by Vera Ezimora
Ehm, wasn’t it just a couple days before the violence in Kenya that almost 150 people were slaughtered on the highway in Borno State? Wasn’t it done by terrorists? In Nigeria? With about double the casualties as that in Kenya? And hasn’t this been going on in Nigeria for years with no resolution?
I’m glad that the siege is now finally over. And I pray that the souls of those who were killed may rest in peace. Amen. That said, during the whole siege (which started on Saturday), I saw so many tweets and Instagram posts from my fellow Nigerians being all shocked about what happened in Kenya. Even celebrities are on social media expressing utter shock about Kenya. People are saying things like, “Oh, how could this happen? ….” and “Please pray for Kenya …” and “I can’t believe what is happening in Kenya” … “I am shocked at Kenya” … “Na wa o, wonders shall never end” … “How did the gun men enter the mall?” … “I can’t believe all these people died” … What ….?!?!?!
Ehm, wasn’t it just a couple days before the violence in Kenya that almost 150 people were slaughtered on the highway in Borno State? Wasn’t it done by terrorists? In Nigeria? With about double the casualties as that in Kenya? And hasn’t this been going on in Nigeria for years with no resolution? How then is it shocking to Nigerians that a thing like this could happen when it is our everyday reality in the country we call home? Oh, wait. The North isn’t technically part of Nigeria? It’ll never happen in Lagos (because Lagos is the only part of Nigeria that is Nigeria)? Once upon a time, we never thought that a terrorist attack could happen in Nigeria either. After all, Nigerians like chopping life. They don’t want to die, especially just to make a point. Never. I remember after 9/11, we had so many jokes about why 9/11 can never, ever happen in Nigeria.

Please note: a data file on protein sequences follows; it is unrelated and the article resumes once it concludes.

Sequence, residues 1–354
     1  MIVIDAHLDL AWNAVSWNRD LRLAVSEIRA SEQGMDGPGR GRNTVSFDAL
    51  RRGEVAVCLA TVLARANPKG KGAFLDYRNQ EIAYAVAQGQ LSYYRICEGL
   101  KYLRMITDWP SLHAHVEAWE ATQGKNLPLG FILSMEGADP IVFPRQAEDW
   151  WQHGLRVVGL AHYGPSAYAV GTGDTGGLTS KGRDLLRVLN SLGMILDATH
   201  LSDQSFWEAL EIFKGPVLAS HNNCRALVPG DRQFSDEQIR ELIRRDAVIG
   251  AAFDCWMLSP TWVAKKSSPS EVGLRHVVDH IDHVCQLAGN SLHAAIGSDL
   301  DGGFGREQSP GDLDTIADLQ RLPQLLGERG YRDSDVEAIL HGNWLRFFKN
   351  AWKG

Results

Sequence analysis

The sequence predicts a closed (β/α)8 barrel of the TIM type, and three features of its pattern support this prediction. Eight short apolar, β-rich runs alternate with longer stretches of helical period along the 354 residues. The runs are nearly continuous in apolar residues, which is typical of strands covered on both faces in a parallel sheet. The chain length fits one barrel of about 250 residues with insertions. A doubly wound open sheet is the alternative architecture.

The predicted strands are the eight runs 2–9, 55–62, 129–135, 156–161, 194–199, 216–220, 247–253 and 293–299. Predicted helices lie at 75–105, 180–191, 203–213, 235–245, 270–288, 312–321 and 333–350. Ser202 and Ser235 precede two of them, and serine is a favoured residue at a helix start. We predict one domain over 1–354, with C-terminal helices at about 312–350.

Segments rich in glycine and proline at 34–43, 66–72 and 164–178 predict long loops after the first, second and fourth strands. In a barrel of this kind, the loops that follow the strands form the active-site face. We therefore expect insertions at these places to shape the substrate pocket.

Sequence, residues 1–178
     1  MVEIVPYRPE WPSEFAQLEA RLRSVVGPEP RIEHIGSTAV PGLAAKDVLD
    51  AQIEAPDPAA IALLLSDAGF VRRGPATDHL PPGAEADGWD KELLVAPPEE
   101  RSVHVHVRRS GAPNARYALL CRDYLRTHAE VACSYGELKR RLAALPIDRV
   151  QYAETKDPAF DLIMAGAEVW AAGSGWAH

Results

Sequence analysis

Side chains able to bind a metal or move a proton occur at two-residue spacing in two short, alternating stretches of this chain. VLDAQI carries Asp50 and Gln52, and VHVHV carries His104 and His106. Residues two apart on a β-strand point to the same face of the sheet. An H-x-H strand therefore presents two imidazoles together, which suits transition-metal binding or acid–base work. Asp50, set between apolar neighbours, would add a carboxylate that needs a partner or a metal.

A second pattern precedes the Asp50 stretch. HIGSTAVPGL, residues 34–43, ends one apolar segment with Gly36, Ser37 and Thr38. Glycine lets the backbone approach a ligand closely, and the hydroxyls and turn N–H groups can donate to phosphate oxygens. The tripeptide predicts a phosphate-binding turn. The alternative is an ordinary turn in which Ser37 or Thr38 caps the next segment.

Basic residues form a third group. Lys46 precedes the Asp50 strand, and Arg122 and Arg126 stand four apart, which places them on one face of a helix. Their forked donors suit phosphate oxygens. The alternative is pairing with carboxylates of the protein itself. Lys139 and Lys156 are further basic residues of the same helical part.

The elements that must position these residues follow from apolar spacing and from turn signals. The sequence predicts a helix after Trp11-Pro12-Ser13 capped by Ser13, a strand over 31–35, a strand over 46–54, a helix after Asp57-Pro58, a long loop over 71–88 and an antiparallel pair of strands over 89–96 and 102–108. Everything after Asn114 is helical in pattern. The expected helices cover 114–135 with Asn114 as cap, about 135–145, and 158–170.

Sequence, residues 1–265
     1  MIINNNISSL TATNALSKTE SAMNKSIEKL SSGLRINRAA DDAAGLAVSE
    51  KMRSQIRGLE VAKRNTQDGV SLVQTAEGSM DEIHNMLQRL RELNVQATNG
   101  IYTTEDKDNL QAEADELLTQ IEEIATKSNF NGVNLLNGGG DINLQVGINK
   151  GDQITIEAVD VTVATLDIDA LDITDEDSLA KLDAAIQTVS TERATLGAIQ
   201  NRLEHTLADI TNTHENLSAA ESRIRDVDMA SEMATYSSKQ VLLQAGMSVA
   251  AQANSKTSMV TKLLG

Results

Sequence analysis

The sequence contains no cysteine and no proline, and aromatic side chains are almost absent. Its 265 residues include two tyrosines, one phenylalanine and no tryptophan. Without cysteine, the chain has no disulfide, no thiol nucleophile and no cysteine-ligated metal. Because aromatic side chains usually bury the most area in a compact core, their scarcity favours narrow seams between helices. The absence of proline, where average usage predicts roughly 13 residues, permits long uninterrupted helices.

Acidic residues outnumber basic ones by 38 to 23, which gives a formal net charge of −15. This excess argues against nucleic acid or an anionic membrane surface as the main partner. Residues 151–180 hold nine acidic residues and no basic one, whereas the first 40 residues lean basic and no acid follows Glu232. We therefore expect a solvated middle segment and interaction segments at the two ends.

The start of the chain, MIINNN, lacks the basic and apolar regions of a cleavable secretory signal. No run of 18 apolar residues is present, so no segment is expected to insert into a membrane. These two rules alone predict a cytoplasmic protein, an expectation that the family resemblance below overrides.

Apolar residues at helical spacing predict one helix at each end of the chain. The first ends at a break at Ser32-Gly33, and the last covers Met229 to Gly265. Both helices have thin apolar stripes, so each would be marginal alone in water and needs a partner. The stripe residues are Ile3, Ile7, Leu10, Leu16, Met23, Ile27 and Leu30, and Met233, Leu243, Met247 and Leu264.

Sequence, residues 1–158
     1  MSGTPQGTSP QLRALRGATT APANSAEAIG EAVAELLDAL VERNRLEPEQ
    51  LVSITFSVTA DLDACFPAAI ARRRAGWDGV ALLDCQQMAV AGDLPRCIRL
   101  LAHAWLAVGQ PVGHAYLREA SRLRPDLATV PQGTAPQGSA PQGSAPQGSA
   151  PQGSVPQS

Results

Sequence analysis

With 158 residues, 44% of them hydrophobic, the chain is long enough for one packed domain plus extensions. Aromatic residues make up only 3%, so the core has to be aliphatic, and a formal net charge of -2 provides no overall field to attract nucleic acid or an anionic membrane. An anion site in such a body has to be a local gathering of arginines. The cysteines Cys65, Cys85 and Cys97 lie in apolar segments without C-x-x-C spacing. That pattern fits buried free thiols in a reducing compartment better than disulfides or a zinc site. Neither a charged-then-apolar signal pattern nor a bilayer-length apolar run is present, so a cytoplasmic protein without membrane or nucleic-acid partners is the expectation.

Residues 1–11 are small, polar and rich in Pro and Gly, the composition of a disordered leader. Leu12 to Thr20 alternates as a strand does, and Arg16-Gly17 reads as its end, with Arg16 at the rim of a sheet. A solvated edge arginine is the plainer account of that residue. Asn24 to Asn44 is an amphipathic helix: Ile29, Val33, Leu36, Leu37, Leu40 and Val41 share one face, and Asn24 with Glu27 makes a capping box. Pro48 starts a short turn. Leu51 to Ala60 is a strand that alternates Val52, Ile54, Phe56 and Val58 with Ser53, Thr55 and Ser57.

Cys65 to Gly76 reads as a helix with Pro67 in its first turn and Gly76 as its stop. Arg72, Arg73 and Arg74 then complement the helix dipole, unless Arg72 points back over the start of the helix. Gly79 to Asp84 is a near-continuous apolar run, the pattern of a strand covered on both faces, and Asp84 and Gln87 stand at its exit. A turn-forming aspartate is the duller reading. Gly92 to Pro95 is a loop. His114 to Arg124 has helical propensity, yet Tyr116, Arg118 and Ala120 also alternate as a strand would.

It’s not at all that I don’t feel sadness or sympathy over the violence in Kenya. Anywhere and any time people are killed – whether it’s one person or ten thousand people – it’s sad and unfortunate. And while I wish I had the power to make all this violence stop and make world peace happen instead, I just can’t. Only one person can. And for reasons best known to Him alone, He’s not doing it. But I am shocked that Nigerians are shocked at the violence in Kenya. I liken it to quadruplets being shocked that twins can happen. See where I’m going with this?
I know the many problems of Nigeria, but I’d be lying if I told you that I have the solutions. The problems of my country are a battle between the chicken and the egg: who came first? Which problem caused the other problem? Which problem is a result of the other problem? And which problem is a direct correlation to the other problem? Which one should we fix first, and how should we go about it? Should we fix people’s way of thinking first? How can we change the mind of a hungry man? Shall we then provide food first? But wouldn’t it be better to give him a means to find food? Then we start with jobs instead? But employers need a thriving environment to hire and pay employees. How can they pay employees well when 50% of their profit goes into buying and maintaining their generator? Will employers not need investors? And will investors not need a safe place? So we’ll need to eradicate armed robbery and Boko Haram. But armed robbers are jobless people, so we must first provide them with a job.
And who will stop Boko Haram? You or me?
Read this article on Vera’s Blog
Op-ed pieces and contributions are the opinions of the writers only and do not represent the opinions of Y!/YNaija.